On this day in history : 18th January 1882 – The birth of Alan Alexander Milne….who brought to us that loveable little bear Winnie the Pooh….

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Winnie the Pooh Image credit: Paul K via Flickr

A.A. Milne was born in Kilburn, London and attended Westminster School and later Trinity College, Cambridge – graduating with a B.A. in mathematics….

Whilst at University he edited and wrote for a student magazine – and it wasn’t long before he came to the attention of British humour publication ‘Punch’…. A.A. Milne became a contributor to the magazine and went on to become its assistant editor….

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A.A. Milne in 1922. Public domain

In 1913, just before the First World War, Milne married Dorothy (Daphne) de Selincourt…. As war broke out he joined the Royal Warwickshire Regiment as an officer – but his suffering of a debilitating illness meant a transfer to the Royal Corps of Signals…. After receiving an injury at the Battle of the Somme he was invalided back to England…. Once he had recovered he spent the remainder of the war in military intelligence, writing propaganda for MI7….

In August 1920 a son, Christopher Robin, was born to the Milnes….and in 1925 the family moved to a new country home – Cotchford Farm, Hartfield, East Sussex. The farm lay adjacent to the northern edge of Five Hundred Acre Wood in Ashdown Forest….which became Milne’s inspiration for his Hundred Acre Wood, the home of Winnie the Pooh and his friends….

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Milne and his son Christopher Robin and Pooh Bear, at Cotchford Farm, their home in Sussex. Photo by Howard Coster, 1926. Fair use.

Christopher Robin owned a teddy bear, purchased in Harrods of London – and given to him as a first birthday present in 1921…. Originally the bear was called ‘Edward’….but he underwent a name change…. The Milnes were frequent visitors to London Zoo – and it was there that Christopher Robin fell in love with a certain Canadian black bear – called Winnie….so named for her previous owner….who came from Winnipeg, Canada….

Canadian Lieutenant Harry Colebourn had bought the bear as a cub from a hunter for 20 dollars…. Lt. Colebourn was on route to England during WW1….and the bear cub became the unofficial mascot for the Fort Gary Horse Regiment – a Canadian Army Reserve armoured regiment….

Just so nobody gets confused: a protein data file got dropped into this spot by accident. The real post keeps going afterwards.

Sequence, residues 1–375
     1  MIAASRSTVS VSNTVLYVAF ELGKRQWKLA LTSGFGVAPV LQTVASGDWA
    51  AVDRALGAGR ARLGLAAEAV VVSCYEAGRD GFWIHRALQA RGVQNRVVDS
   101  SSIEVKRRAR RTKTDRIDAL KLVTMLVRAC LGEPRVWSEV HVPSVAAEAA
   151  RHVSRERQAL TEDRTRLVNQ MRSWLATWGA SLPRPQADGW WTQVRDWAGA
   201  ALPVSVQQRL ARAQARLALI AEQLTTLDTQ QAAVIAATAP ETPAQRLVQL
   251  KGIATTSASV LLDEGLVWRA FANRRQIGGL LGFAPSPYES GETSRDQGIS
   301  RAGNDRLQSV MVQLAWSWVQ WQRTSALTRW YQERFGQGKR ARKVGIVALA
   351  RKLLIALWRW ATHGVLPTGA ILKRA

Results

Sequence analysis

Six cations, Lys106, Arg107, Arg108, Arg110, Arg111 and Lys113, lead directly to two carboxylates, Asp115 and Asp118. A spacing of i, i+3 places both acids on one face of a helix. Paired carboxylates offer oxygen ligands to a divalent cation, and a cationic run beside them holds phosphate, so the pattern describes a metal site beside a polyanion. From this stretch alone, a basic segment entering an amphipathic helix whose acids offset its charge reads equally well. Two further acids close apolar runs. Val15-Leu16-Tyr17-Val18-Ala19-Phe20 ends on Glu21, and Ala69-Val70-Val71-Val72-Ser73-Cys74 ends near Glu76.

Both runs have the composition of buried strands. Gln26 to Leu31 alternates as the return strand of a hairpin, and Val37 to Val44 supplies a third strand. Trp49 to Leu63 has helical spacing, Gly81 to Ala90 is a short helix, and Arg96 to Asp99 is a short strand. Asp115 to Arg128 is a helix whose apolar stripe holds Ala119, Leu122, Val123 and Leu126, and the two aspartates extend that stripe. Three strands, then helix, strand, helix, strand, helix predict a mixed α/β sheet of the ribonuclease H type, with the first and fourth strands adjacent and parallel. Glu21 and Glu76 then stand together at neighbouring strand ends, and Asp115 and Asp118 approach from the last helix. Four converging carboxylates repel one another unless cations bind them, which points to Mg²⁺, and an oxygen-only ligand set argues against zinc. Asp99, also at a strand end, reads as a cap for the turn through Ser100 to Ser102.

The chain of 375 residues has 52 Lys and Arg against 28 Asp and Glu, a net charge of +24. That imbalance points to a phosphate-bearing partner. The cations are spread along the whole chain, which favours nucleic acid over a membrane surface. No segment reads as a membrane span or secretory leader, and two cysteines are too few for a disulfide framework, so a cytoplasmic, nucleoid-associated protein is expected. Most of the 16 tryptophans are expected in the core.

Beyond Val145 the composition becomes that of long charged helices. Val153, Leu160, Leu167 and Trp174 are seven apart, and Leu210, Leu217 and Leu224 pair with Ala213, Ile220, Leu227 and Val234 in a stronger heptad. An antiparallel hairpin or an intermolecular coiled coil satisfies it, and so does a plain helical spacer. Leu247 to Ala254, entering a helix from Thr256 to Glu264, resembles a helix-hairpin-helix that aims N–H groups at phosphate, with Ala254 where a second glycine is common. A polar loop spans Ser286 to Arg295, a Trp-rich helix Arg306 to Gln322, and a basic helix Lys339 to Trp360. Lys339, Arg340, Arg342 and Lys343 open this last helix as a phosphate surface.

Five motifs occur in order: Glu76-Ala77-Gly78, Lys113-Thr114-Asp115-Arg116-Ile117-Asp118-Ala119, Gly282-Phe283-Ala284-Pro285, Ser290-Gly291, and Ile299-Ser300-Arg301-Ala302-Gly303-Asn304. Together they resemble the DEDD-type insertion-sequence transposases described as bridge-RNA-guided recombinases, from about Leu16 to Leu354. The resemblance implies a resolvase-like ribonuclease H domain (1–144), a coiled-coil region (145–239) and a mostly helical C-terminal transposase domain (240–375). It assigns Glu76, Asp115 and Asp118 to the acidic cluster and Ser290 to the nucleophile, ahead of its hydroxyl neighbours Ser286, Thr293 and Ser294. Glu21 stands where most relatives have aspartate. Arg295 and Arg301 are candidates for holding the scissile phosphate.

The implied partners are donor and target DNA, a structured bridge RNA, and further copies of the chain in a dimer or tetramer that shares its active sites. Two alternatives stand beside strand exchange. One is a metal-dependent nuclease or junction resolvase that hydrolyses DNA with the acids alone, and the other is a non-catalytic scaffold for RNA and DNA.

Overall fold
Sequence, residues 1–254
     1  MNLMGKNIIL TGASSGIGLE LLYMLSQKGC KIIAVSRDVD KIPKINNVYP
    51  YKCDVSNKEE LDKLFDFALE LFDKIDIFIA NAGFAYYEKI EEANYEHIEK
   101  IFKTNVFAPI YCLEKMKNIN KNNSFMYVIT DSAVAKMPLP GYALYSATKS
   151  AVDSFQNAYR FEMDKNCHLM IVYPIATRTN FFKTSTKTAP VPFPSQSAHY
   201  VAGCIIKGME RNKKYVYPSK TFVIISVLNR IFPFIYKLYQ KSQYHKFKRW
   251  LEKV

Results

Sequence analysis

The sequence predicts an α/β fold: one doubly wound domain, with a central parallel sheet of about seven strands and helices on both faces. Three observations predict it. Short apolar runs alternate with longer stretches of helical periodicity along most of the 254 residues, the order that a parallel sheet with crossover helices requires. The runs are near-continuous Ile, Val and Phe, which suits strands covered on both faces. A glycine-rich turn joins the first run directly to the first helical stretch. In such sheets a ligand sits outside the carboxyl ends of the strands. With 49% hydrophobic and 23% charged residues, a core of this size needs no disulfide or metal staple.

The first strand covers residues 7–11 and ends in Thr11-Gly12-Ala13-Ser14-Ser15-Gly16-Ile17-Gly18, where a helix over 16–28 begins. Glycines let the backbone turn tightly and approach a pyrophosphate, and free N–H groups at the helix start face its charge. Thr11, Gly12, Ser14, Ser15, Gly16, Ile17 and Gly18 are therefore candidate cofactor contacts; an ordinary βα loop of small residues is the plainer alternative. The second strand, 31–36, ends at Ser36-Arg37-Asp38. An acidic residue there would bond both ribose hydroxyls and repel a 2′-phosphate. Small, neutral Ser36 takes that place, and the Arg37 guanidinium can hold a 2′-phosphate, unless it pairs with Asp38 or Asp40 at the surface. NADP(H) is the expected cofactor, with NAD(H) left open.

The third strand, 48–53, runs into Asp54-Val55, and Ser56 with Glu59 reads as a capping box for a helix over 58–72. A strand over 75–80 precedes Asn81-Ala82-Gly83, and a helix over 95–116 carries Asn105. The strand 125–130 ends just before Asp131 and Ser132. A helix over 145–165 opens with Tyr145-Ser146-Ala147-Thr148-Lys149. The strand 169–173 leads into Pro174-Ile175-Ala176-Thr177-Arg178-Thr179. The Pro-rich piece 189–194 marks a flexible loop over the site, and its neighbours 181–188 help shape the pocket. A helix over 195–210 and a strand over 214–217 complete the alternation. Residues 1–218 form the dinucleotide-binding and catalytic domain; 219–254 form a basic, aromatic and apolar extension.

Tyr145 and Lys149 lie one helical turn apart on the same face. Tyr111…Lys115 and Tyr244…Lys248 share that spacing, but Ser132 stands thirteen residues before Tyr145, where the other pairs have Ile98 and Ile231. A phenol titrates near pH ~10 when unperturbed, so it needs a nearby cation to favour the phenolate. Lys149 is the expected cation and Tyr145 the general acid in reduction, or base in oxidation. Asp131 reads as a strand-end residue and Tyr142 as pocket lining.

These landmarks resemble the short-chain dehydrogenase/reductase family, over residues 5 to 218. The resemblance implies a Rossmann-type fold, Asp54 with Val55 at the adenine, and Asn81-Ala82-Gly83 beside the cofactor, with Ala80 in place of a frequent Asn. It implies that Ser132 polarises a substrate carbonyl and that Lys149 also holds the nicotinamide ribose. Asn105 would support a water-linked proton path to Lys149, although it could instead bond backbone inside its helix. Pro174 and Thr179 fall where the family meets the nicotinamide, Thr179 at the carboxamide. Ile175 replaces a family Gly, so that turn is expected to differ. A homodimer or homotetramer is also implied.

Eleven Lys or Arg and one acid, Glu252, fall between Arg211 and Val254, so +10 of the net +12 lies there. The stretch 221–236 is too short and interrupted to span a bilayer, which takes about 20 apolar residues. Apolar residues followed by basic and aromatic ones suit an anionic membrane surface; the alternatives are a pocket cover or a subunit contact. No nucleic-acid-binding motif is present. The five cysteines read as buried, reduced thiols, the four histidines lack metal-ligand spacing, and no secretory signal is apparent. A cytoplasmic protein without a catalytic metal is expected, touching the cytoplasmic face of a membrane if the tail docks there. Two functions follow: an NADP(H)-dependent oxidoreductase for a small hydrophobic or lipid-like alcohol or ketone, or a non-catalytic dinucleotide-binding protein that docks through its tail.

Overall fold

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Harry Colebourne and Winnie, 1914

It was whilst the regiment were away in France that Winnie came to be in London Zoo, as she was left there for safe-keeping. Once the war was over she was officially donated to the zoo and became a much-loved attraction….

The other part of Winnie the Pooh’s name came from a swan called Pooh that the Milnes encountered on a family holiday….

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Christopher Robin and Winnie the Pooh Image credit: Thoth God of Knowledge via Flickr

As we know Winnie the Pooh is usually shortened to just ‘Pooh’….and this might be the reason why….

“But his arms are so stiff….they stayed up straight in the air for more than a week, and whenever a fly came and settled on his nose he had to blow it off. And I think – but I am not sure – that that is why he is always called Pooh”…

Pooh’s friends – Piglet, Eeyore, Kanga, Roo, and Tigger are all based on Christopher Robin’s other stuffed toy animals….Owl and Rabbit came from Milne’s imagination…. The original toys, Pooh, Eeyore, Piglet, Tigger and Kanga (unfortunately Roo got lost) can be seen at the New York Public Library – as they were gifted to them by American publisher E.P. Dutton in 1987…. They now receive over 750,000 visitors a year….

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Original Winnie the Pooh stuffed toys : Clockwise from bottom left : Tigger, Kanga, Edward Bear (a.k.a. Winnie the Pooh), Eeyore and Piglet

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